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Posts Tagged ‘religion’


I am supposed to be working on the next essay on my long list of homework assignments I wanted to complete before break ends. Am I? No. Instead I am taking a short break from researching two different pilgrimage sites and pilgrims to just type randomly here. Well, maybe not randomly. I am sure that if I keep thinking and typing long enough I will end up making some sort of point dealing with my essay assignment. I’ve certainly been thinking about it enough.

The assignment is for my Pilgrimages and Spiritual Journeys mid-term exam. I had three “essays” to write and this is the third and last one. It came as a prompt emailed out by my professor at the begining of the week:

Please review this ‘photo essay’ from NPR site:  after you have done so, do a little research on this particular pilgrimage and pilgrimage site.  Then, compare/ contrast the practices and experiences of the Guadalupe pilgrims (as evidenced in the photo essay) with the practices and experiences of the pilgrims to the site you presented (or will present) in class (this might mean a bit more research into your pilgrimage site).

100 Words: Photographer Alinka Echeverria On Pilgrimage

Seems easy enough, right? Wrong. The research I need to do has been about as productive as a wild goose hunt. There are very few articles online about the actual pilgrims who journey to either site. Most of the information I have found deals with the site itself and the history, not the people.

The information I have found is minimal and leads me to the conclusion that all pilgrims are similar. They may be heading to a different destination and hold varied beliefs. But, besides that they are all looking to experience the sacred and to find awe at the site they journey towards.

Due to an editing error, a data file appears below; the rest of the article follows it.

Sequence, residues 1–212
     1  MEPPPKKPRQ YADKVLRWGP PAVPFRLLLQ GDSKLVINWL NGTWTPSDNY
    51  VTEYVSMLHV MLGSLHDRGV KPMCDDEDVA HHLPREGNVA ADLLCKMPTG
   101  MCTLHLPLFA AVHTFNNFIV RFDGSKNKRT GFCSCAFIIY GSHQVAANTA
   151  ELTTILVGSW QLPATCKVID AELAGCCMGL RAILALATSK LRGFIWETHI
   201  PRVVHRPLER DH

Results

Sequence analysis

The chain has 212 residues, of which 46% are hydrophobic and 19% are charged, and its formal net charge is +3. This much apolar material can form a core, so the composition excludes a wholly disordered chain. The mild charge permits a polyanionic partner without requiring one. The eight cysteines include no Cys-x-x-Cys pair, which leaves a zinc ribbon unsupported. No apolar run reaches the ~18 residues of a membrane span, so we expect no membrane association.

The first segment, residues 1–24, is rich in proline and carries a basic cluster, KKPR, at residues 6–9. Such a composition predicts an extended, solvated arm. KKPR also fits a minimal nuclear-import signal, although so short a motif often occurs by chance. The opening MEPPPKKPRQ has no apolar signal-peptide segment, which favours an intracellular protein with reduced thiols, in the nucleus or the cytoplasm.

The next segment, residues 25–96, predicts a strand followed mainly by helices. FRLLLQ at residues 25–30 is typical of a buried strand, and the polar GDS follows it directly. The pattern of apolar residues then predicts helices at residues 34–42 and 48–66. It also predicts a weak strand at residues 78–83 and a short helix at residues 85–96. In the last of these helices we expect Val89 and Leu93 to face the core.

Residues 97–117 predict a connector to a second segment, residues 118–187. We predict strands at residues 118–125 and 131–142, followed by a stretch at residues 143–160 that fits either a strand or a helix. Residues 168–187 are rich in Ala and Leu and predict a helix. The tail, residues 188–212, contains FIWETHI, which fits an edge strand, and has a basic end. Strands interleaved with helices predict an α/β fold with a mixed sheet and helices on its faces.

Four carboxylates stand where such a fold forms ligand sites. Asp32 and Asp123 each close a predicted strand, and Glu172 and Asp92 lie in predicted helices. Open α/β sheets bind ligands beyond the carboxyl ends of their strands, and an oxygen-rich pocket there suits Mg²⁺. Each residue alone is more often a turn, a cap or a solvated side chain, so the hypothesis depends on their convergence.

A pilgrim heading to the Basilica of Our Lady of Guadalupe in Mexico City goes to pay homage and ask the blessing of the virgin Mary. Or they simply go because they are curious to see the Basilica and the apron worn by Saint Juan Diego upon which an icon of the Virgin Mary miraculously appeared.

A pilgrim heading to and through the levels of the Buddhist temple Borobudur in Java, Indonesia also travels to experience the wonder of the place. To observe the history engraved on the walls and to pay homage to the birth, enlightenment, and transcendence of the Buddha. There are also many who only come to view out of curiosity as tourists, some with more appreciation for the site than others.

Something both sites have in common is that once a year both places have a festival to which thousands of pilgrims flock. The festival at the Basilica occurs starting on December 12th with the Feast of our Lady of Guadalupe. The festival at and around Borobudur, known as the Waisak Festival, occurs each May on the night of the full moon and lasts several days. Both celebrate the people to whom the sites were dedicated to and festivities, including candlelit processions, happen at each.

The only major difference that distinguishes the pilgrims of Guadalupe from those of Borobudur is their religious beliefs, location, and how they look. Otherwise, in spirit, all pilgrims are the same. They travel to experience, learn, and pray.

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bizzaro-1.jpg from cartoonist.name – StumbleUpon.

I was stumbling along on the internet, as any self respecting and procrastinating college student would do, and found this absolutely amazing cartoon.

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It is 10:03 pm on a Sunday night and I have been sitting here in my friend’s suite for the past two hours reading about the Mormons and studying for my upcoming mid-term exam in Science and the Bible.